Background: The Milan system reporting salivary gland cytopathology (MSRSGC) is a tiered classification scheme that is based on risk stratification. The aim of the current study was to assess the risk of malignancy (ROM) and risk of neoplasia (RON) in each of the diagnostic categories proposed by the MSRSGC.
Methods: A retrospective analysis and categorization according to the MSRSGC was made of salivary gland fine needle aspirations (FNA) performed from January 2007 to December 2017. The FNA cytology results were correlated with subsequent histological follow-up.
Results: A total of 578 FNAs were evaluated and histopathology was available for 198 cases (34.2%). The RON and ROM for individual diagnostic categories were: Non-diagnostic: 52.2% to 13%, non-neoplastic: 21.4% to 10.7%, atypia of undetermined significance: 74% to 22.2%, benign neoplasm: 100% to 1.1%, salivary gland neoplasm of uncertain malignant potential: 93.3% to 53.3%, suspicious for malignancy (SFM): 100% to 100%, and malignant: 100% to 100%. A diagnosis of 'SFM' or 'malignant' with FNA cytology carried a 100% risk for malignancy, while a diagnosis of "non-neoplastic," "benign neoplasm" reduced the probability of malignancy to 3.4%.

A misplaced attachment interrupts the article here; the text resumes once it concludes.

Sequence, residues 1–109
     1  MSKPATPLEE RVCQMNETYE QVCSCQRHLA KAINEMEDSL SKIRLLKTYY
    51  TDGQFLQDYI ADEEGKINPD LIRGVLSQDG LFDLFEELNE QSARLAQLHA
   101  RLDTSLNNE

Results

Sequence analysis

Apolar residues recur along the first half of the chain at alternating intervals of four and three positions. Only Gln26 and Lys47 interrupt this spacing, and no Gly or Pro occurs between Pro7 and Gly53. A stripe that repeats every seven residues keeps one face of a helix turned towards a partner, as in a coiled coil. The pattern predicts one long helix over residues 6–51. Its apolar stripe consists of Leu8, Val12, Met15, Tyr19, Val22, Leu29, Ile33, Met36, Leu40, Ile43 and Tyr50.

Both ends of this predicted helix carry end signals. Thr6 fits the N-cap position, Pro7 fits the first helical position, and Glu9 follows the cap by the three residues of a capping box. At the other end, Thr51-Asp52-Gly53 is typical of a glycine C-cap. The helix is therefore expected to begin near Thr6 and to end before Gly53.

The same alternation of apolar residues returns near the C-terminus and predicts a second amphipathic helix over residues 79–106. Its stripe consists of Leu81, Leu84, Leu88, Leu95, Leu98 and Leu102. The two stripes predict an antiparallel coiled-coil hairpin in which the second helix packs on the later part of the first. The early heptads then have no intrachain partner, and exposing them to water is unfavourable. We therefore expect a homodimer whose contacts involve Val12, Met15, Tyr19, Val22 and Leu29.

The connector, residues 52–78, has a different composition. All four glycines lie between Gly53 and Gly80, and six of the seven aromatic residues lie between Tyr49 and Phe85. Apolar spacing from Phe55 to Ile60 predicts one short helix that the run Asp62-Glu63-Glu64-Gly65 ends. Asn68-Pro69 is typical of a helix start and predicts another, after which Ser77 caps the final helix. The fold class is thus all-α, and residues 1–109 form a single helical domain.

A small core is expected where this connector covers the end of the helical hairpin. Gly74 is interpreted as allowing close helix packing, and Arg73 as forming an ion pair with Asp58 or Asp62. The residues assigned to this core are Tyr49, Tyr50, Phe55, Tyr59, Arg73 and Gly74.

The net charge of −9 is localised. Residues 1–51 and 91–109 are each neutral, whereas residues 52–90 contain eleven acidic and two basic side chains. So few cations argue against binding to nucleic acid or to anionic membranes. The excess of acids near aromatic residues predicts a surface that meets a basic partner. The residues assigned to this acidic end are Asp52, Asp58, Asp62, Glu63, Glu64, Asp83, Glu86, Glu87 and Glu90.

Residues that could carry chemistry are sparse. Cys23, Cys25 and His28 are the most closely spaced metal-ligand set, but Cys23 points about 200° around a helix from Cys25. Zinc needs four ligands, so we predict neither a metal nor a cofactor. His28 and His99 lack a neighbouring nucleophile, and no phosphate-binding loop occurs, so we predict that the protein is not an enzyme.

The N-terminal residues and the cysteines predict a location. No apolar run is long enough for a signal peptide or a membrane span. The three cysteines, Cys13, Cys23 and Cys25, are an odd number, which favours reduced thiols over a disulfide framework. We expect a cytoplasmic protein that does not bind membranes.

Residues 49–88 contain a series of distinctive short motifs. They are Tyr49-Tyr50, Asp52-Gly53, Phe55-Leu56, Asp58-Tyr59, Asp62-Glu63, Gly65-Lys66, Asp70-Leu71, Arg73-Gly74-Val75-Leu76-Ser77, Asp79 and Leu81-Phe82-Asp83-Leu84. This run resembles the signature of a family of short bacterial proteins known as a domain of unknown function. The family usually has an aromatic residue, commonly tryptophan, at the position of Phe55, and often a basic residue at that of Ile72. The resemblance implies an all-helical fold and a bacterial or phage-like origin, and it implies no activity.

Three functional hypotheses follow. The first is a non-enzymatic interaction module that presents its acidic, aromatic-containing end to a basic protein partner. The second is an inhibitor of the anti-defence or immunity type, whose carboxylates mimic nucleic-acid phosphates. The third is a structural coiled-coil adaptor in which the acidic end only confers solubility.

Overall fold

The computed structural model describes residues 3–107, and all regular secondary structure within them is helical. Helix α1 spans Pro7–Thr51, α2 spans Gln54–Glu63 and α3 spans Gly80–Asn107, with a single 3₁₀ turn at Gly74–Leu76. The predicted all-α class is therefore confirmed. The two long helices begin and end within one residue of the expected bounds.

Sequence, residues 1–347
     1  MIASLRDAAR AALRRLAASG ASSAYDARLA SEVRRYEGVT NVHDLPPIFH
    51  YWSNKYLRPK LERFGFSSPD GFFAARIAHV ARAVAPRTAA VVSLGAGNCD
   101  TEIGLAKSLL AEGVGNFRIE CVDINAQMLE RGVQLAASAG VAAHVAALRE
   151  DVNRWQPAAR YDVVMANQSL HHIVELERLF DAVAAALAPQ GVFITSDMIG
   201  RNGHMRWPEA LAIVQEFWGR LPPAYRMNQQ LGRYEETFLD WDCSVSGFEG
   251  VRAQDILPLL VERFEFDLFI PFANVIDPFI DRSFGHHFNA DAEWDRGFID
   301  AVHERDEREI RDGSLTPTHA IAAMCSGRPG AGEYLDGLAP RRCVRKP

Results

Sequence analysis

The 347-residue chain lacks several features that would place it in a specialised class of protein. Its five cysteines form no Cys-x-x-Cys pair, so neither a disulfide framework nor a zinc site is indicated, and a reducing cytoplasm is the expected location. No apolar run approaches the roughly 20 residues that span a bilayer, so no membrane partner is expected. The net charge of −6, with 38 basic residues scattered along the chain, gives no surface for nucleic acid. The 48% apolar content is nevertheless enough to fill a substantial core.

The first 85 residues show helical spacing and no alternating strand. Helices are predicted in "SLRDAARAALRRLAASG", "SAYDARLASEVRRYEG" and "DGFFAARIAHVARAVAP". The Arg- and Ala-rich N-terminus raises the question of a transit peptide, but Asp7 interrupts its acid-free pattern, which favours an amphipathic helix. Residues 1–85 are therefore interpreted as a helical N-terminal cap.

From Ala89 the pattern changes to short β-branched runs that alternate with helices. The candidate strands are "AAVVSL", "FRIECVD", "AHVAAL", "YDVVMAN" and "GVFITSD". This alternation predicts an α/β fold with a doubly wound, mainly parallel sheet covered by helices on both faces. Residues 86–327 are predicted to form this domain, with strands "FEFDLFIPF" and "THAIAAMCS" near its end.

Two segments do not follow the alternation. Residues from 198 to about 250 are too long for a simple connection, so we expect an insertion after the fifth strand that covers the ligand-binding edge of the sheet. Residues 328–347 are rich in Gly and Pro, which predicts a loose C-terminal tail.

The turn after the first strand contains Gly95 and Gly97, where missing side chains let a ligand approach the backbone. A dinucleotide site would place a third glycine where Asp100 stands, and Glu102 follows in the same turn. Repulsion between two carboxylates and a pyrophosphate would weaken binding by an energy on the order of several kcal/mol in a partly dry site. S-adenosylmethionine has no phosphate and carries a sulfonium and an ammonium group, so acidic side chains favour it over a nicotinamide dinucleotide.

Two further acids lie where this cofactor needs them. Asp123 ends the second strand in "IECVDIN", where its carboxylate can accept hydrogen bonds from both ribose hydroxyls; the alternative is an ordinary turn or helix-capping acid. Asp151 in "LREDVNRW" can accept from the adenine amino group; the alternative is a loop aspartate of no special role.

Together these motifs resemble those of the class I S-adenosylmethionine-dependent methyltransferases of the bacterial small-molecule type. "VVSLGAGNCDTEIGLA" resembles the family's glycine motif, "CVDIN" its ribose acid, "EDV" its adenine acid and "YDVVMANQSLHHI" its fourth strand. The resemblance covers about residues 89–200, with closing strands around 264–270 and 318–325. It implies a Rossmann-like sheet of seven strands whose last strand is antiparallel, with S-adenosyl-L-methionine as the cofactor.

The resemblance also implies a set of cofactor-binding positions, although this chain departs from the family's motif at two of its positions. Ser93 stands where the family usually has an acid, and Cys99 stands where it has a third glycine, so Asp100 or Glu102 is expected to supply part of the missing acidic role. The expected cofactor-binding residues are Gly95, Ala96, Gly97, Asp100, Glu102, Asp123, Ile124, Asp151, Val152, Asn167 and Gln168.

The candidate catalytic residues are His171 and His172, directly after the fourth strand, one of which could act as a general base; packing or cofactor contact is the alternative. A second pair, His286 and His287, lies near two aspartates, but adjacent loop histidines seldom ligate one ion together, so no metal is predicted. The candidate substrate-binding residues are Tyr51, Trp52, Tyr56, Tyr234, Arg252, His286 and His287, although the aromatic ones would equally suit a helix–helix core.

Conclusion: The MSRSGC is useful for the management of salivary gland lesions as it can successfully differentiate between benign and malignant cases. It will bring uniformity in salivary gland FNA cytology reporting across various institutions globally.
Keywords: Milan system for reporting cytopathology (MSRSGC); fine needle aspiration (FNA); risk of malignancy (ROM); risk of neoplasia (RON); salivary gland.
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